Skip to content


April 25, 2013

I’m very pleased now to present a review of My Mother Did Not Tell Stories by my writing colleague and friend, Donna Sinclair. Donna is a respected journalist and published author of numerous books. Her most recent works are The Long View (Northstone), a year of personal essays, and Tommy’s Angel (Copperhouse), a picture book for children (with illustrator Bill Kimber). I have especially enjoyed A Woman’s Book of Days, I and II, which offer a year’s worth of wit and wisdom, both political and spiritual, in daily meditations delivered from a distinctly feminine perspective.


My favourite segment of Laurie Kruk’s lovely collection is in the middle, the River Valley Poems. These are simultaneously the stories of one woman (not overly skilled in bush craft) encountering nature; an illumination of two solitudes (her anglophone family’s newly-purchased cabin is in francophone country); and insights into mother love, leavened with love of the land.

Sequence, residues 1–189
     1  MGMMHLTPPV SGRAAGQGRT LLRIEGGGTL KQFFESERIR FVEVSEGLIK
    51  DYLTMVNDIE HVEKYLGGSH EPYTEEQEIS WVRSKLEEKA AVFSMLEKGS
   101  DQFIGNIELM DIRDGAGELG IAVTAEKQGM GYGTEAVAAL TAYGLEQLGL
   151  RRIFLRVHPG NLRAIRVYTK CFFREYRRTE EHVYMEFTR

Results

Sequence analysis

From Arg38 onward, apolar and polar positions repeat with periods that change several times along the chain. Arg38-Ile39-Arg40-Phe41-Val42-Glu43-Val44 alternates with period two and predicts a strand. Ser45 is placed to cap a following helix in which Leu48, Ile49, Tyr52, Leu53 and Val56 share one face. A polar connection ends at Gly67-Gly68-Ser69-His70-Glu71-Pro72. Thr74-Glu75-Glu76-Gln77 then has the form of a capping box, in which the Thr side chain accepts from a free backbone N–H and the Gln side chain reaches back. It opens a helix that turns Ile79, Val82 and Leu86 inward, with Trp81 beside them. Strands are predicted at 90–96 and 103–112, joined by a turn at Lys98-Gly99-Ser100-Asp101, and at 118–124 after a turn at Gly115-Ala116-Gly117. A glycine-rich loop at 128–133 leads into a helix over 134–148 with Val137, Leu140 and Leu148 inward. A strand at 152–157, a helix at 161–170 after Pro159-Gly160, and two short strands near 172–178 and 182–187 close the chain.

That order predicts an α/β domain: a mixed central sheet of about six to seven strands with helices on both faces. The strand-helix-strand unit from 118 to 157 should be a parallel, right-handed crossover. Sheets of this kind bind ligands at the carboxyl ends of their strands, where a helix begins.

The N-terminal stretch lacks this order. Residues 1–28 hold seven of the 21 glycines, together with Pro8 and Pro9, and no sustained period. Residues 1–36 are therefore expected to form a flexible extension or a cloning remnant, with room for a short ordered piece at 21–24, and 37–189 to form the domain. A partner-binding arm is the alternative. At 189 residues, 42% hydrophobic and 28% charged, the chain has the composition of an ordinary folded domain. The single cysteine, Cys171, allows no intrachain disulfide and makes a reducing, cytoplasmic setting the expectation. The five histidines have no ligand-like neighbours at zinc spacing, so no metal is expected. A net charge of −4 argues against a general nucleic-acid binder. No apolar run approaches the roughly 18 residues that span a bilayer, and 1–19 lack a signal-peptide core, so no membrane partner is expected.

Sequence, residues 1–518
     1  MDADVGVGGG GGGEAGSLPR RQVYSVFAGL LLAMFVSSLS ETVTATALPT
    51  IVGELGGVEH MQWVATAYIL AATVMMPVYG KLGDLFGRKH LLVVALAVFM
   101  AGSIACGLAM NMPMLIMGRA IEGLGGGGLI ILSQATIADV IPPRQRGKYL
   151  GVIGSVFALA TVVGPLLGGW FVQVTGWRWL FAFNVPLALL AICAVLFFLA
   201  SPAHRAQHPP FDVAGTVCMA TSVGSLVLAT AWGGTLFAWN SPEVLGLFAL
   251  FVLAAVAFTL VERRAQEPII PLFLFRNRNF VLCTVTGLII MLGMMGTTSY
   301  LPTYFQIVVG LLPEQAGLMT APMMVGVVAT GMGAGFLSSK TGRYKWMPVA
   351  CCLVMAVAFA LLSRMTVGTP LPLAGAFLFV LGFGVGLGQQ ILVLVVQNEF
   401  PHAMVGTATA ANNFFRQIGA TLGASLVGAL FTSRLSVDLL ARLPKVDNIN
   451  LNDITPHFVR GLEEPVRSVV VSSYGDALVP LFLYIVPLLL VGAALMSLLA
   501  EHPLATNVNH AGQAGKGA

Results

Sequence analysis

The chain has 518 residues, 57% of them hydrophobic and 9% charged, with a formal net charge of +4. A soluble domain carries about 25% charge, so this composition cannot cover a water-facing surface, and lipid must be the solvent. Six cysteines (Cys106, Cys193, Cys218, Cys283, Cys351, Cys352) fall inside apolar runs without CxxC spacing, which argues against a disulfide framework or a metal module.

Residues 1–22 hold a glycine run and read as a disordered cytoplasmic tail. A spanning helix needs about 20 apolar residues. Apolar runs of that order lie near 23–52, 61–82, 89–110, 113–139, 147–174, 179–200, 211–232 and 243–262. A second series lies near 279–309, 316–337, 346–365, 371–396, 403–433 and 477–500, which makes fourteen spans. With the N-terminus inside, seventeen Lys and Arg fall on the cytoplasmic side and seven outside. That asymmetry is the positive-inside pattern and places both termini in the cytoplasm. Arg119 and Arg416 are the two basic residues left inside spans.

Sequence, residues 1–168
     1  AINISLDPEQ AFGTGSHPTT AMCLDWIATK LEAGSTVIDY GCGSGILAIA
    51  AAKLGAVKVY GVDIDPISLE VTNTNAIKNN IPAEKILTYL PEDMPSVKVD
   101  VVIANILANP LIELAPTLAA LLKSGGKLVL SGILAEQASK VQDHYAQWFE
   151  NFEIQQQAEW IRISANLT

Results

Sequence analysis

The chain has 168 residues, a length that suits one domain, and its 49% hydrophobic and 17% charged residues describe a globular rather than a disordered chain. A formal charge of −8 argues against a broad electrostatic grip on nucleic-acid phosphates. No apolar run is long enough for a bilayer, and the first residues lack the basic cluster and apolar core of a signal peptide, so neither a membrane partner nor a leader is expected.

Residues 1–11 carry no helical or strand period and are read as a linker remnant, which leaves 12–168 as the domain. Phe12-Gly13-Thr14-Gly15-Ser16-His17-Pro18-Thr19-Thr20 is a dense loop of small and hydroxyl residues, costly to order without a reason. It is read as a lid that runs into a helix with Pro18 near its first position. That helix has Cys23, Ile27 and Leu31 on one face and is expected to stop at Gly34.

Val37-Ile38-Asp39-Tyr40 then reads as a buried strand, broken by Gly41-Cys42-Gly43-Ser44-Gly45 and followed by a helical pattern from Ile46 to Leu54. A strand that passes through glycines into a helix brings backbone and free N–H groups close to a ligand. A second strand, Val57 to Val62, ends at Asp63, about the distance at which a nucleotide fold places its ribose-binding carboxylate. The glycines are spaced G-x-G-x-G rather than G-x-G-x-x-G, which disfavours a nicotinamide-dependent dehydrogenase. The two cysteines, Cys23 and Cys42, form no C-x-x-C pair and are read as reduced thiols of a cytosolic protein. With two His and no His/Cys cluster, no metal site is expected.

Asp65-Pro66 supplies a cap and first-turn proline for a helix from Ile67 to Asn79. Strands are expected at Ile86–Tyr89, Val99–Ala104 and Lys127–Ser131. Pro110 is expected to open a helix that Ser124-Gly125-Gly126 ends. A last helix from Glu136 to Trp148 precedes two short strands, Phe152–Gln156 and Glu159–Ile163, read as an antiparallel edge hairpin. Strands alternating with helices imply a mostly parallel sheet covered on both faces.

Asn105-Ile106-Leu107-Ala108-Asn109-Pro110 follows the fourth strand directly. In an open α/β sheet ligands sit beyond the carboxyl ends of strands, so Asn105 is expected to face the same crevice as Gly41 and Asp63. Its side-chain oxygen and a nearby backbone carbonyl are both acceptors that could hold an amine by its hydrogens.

There’s more, of course. Kruk knows how to pack every phrase with meaning. We can read one poem as feminist commentary if we like; another as a passionate but subtle critique of our civilization’s eternal dependency on plastic garbage bags. Kruk brings new life to Robert Frosts’s dictum that poetry should say one thing and mean another.

Kruk is articulate, earthy, amused, and respectful. Read “Ritual of the Mass” and be at once entertained and inspired. Really.  This is affection (in the face of some olfactory difficulties) for all that is meant by living fully in the body, coupled with gratitude for life itself.

Indeed, her poetry is witty in the traditional sense: a collision of ideas that  compel new insight, a gust of laughter, an echo that returns throughout the day.

Laurie Kruk’s mother may not have told stories. But anyone who picks up this brilliant book will be grateful that her daughter does.

Donna Sinclair, author and journalist

April 24, 2013 


From → Uncategorized

Leave a Comment

Leave a Reply

Fill in your details below or click an icon to log in: Logo

You are commenting using your account. Log Out /  Change )

Google+ photo

You are commenting using your Google+ account. Log Out /  Change )

Twitter picture

You are commenting using your Twitter account. Log Out /  Change )

Facebook photo

You are commenting using your Facebook account. Log Out /  Change )


Connecting to %s

%d bloggers like this: